Power said they hope to add lunchtime dining a year from now.

The Wine Cellar is open 4 p.m. to 11 p.m., Monday through Wednesday; 4 p.m. to midnight Thursday through Saturday; and 4 to 10 p.m. on Sunday. Reach the restaurant at (208) 664-9463. Menus and other information can be found at www.thewine

New Capone’s planned for Hayden

Capone’s Pub & Grill is adding a location in Hayden.

Plans to remodel the former Cory’s Furniture location at Hayden Avenue and Government Way are awaiting city approval, said owner Tom Capone. Construction should be under way in September with plans to open the new Hayden pub by the first of 2013.

Tom and Teresa Capone started Capone’s Pub & Grill more than two decades ago when they took over a gas station turned dive bar in Coeur d’Alene. A second location in Post Falls opened in 2006, but it was later destroyed by an arson fire. That pub reopened in Post Falls in 2008.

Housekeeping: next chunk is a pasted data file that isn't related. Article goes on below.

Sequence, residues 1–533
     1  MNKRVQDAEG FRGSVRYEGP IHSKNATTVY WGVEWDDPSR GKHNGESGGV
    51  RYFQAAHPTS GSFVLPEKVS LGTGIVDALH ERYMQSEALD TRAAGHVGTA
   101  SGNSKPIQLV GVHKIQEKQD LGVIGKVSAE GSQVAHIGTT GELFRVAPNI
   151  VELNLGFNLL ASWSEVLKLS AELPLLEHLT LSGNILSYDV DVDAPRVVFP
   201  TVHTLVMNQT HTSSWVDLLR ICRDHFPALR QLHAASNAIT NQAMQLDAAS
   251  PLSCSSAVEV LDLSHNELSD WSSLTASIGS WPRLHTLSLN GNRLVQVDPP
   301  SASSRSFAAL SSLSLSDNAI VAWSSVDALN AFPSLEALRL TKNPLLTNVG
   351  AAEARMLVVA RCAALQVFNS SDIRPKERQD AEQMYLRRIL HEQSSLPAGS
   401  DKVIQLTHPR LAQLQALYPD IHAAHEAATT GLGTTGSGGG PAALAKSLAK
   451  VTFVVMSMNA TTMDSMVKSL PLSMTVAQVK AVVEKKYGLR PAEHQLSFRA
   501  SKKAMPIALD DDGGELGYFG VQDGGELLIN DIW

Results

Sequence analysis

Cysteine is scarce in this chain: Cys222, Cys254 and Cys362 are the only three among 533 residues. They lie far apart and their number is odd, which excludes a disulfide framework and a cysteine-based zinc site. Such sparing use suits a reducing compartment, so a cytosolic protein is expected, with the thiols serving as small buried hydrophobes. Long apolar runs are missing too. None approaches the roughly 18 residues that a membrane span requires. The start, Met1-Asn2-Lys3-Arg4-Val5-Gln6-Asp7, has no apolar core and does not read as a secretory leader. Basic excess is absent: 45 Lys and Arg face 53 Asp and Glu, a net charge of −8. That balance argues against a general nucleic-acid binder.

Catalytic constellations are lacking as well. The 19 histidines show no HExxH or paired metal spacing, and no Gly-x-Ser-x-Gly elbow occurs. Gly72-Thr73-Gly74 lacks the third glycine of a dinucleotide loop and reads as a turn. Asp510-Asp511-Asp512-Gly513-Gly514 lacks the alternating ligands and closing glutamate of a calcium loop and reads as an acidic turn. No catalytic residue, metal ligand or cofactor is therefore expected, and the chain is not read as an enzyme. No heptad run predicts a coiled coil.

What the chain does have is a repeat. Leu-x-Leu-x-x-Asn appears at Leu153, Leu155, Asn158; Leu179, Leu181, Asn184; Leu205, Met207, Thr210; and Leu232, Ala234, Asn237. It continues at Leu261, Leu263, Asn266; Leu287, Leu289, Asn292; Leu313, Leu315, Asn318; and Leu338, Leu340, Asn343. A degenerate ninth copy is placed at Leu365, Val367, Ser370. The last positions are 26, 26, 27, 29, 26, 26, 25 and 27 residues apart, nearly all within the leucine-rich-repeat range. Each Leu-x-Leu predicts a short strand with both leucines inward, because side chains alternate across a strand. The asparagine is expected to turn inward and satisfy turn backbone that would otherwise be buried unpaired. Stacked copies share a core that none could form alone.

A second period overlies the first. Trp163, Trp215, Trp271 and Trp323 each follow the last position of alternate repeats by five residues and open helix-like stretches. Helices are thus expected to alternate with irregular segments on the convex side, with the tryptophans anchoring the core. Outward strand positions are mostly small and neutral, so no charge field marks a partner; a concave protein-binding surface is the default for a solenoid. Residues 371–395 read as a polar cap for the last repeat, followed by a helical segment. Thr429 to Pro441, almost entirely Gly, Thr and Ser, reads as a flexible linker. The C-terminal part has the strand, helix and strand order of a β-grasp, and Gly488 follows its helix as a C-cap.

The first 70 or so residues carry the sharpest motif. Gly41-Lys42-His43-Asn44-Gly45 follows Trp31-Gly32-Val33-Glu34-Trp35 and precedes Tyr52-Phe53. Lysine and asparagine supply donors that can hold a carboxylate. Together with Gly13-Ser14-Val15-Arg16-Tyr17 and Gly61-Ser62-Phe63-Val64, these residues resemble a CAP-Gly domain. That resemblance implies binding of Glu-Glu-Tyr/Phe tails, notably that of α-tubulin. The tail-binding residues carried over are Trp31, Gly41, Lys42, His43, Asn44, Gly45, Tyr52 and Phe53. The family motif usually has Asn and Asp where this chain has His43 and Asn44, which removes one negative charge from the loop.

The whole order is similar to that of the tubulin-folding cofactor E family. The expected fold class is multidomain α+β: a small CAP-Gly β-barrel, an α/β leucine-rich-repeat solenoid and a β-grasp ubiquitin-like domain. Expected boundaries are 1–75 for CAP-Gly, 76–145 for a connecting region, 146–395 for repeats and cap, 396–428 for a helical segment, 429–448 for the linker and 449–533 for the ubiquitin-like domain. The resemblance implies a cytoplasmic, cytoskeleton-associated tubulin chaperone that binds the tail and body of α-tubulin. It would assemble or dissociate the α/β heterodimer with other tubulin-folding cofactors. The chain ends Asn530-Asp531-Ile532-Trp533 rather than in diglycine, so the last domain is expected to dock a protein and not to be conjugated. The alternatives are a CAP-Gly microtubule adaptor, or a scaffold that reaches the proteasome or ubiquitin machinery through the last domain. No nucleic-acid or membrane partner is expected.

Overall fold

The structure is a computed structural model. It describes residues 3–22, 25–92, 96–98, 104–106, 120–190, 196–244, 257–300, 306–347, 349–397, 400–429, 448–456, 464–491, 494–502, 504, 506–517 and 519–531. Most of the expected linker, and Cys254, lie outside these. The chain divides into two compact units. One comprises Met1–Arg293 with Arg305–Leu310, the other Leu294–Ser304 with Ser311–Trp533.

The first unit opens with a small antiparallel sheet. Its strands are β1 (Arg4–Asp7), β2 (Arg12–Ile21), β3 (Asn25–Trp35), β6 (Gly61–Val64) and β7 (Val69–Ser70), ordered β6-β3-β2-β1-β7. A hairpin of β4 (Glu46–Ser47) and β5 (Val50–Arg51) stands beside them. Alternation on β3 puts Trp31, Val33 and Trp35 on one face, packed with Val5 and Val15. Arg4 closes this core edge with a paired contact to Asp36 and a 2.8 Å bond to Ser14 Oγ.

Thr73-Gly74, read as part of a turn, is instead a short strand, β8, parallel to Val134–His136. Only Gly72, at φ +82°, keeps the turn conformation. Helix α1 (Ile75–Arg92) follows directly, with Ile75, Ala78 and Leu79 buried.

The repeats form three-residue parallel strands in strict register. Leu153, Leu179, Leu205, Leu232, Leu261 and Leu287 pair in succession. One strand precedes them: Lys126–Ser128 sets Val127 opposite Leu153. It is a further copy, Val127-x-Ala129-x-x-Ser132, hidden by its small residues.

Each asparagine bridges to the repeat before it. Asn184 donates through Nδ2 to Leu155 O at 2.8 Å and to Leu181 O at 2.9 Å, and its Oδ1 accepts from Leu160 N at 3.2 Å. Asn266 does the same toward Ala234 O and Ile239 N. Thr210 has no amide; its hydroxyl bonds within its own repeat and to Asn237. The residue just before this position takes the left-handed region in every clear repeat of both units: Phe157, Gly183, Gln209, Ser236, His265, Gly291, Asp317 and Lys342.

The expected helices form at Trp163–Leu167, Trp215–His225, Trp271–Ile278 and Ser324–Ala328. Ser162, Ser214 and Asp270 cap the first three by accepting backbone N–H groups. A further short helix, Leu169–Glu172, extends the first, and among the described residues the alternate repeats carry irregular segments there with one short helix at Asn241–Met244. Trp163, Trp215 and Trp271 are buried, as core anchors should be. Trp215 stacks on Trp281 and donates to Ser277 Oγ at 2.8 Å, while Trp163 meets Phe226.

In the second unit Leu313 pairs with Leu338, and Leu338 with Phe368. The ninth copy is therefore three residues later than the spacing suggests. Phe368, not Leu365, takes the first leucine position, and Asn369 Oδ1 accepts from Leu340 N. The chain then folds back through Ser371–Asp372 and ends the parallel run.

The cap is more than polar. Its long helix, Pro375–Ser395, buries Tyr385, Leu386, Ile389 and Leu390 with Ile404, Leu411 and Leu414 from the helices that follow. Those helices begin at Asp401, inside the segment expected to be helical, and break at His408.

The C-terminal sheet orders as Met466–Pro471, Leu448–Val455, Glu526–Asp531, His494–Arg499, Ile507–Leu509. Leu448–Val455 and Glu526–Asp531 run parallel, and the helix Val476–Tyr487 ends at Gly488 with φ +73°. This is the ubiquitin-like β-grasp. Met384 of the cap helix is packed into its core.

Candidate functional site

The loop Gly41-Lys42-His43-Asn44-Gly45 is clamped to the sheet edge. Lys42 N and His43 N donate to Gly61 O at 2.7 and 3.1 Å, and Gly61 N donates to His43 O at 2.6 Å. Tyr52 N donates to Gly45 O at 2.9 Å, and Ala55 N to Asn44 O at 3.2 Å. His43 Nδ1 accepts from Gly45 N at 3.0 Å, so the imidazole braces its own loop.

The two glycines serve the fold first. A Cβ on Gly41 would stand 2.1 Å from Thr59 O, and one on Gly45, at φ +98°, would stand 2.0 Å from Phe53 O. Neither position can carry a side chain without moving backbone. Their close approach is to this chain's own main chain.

Capone’s Pub & Grill prides itself on homemade pizza, serious sandwiches, from-scratch pub grub and beer taps galore; it was featured on the Food Network’s show “Diners, Drive-Ins and Dives” in 2010, with celebrity chef Guy Fieri.

The new location will have the same menu and feel of the two other Capone’s pubs. “We are working on adding some more pasta dishes. We’ll have some extra room in there because we can design the kitchen from scratch,” Capone said.

He laughed when asked if there were more restaurant locations in the future plan. “One at a time. … I can’t get ahead of myself. I’m getting old.”

Until the new restaurant is open, dine at Capone’s in Post Falls, 315 N. Ross Point Road, or in Coeur d’Alene at 751 N. Fourth Ave.

Bistro on Spruce readies fall menu

Shorter summer days are arriving and Bistro on Spruce in Coeur d’Alene is readying the menu for the dwindling daylight.